Westfield Health’s new corporate cover for hospital procedures has been hailed as a welcome addition to the healthcare market for cash-strapped employers.
Last month the provider launched its Hospital Treatment Insurance (HTI), which offers employees access to more than 1,300 surgical and medical procedures such as knee replacements and cataracts for a fixed cost of £16 per scheme member.
But to keep costs down, the product does not cover cancer and heart conditions, nor does it cover private consultations.
Westfield argues that the NHS provides excellent care for life-threatening conditions such as cancer, but says it is routine surgery where the effects of spending cuts are beginning to take hold and waiting times are increasing.
Paul Shires, executive director for sales and marketing at Westfield, said: “Delays in non-urgent medical care can increase sickness absence and place a heavy financial burden on employers. HTI will help employers to manage staffing levels more effectively and lower costs, while employees will benefit from quick treatment.”
Westfield has been providing hospital treatment cover since 2007 through its Surgery Choices product, but is hopeful that the more comprehensive HTI will develop a “new market” between cash plans and private medical insurance (PMI), a view largely shared by the wider industry.
Colin Boxall, corporate director at intermediary ADVO Group, said that in recent years the traditional barriers between cash plans and PMI have become increasingly blurred as the former have become more comprehensive.
He said: “There still remains, however, a wide middle ground waiting to be filled, and Westfield’s HTI product goes a long way to bridging this gap.
“It should certainly not be seen as a replacement to PMI, but it does open the door to a large number of companies who either wish to offer wider coverage within a tight budget or are facing the prospect of having to cancel existing PMI due to the economic downturn.”
But some observers have raised concerns that Westfield’s attempts to keep costs low could prove problematic. Mike Blake, director at PMI Health Group, said employers signing up to the scheme will need to think carefully about how patients’ consultations will be funded.
He said: “Employers will need to cover that cost with a cash plan or something else, so I don’t see HTI working as a standalone product.”
Philip Wood, executive director at cash plan provider Health Shield, said that the exclusion of private consultations effectively positions the product as a cash plan add-on.
He said: “If patients were to use an NHS consultant they may be subject to long waiting times and it could make the process complicated.”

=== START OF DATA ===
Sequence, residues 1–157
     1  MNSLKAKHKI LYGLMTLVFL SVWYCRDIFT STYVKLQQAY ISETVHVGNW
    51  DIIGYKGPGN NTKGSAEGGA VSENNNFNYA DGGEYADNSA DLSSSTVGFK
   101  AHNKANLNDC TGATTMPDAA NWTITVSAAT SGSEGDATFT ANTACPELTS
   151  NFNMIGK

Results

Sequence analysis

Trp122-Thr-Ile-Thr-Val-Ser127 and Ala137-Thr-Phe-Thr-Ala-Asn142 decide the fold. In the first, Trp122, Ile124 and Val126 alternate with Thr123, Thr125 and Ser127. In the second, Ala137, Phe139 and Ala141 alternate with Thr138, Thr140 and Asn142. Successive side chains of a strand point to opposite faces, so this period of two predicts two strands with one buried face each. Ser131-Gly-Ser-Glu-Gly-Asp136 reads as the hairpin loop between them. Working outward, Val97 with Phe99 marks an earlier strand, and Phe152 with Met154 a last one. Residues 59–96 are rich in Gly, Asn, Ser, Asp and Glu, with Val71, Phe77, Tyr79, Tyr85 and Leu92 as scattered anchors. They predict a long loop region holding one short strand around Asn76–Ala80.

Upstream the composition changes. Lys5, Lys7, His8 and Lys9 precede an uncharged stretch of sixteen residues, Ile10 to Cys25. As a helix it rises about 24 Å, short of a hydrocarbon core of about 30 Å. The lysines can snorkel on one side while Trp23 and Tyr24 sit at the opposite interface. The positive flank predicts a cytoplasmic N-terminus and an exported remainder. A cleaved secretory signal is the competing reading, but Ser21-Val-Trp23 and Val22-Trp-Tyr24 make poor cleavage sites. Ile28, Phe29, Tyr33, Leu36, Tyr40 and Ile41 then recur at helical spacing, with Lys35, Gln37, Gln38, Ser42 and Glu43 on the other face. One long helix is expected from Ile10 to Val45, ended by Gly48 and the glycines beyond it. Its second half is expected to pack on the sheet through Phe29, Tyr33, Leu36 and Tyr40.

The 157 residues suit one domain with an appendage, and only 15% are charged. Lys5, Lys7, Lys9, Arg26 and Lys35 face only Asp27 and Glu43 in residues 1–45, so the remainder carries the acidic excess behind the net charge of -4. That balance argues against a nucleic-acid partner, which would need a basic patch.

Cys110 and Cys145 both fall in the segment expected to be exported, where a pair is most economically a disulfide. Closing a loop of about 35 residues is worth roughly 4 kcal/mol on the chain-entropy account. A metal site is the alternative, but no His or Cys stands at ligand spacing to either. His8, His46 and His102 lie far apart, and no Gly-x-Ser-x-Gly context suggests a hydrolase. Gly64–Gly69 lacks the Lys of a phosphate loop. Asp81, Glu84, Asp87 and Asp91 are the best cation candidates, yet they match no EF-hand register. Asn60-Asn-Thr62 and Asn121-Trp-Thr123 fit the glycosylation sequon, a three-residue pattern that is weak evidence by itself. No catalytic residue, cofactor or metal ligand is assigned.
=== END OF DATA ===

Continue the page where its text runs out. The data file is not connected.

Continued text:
Westfield’s Shires said, though, that the product can be used “seamlessly” with its cash plan which provides refunds for private consultations, while equally, its purpose is to provide employees with fast access to hospital treatment after diagnosis by an NHS consultant.
Tom McGuinness, business development and HR director at national intermediary Premier Choice Group, said the timing of the scheme’s launch is perfect as more and more clients are trying to access affordable health cover due to the growing pressures within the NHS. He believes the product will be popular both among employers with a cash plan in place and those currently uninsured, while it will have less value for those down trading from PMI.
He said: “There certainly will be firms which decide to cancel their PMI and switch to this cover, but if I was going to see a company that was finding its PMI too expensive, I would look at every option to reduce costs – such as introducing excesses and hospital lists – before I even touched on this scheme as a means of keeping some form of cover in place.”
COST VERSUS COVER
McGuinness and Wood said separately that their discussions with employers show firms value cancer and heart treatment cover highly, while Wood added that the fact the plan may not cover treatment in London hospitals could prove difficult.
Employees can go to any hospital under the scheme, but Westfield concedes that benefit limits may fall short of covering treatment in central London hospitals and says that patients can “top up” the differences in these instances.
Wood said: “For the moment we have pulled back on our plans to develop a product for the ‘middle-ground’ market, partly because a lot of our clients are London-based and we didn’t want to have to ask customers to pay extra if their treatment exceeded the maximum cover.”
There are also concerns that the product might be difficult to communicate to employees, who may be confused as to what treatment they are covered for.
PMI Health Group’s Blake said that communication will be far easier for those firms adding HTI to an existing cash plan, than for those trading down or introducing it as a standalone benefit.
He said: “Employees who are already offered a cash plan will find the product easier to understand, and firms could create a very positive message around this as an additional benefit. But as a trade down from PMI I think it would be difficult to communicate, while for previously uninsured companies, there is a risk staff will see it as ‘budget PMI’ or think they are covered for things they are not.”
Shires said he is confident the firm will be able to communicate the plan effectively to employers through its “comprehensive” marketing literature and sales staff, adding that intermediaries have an important role to play in helping sales teams gain access to employers to help improve employee understanding.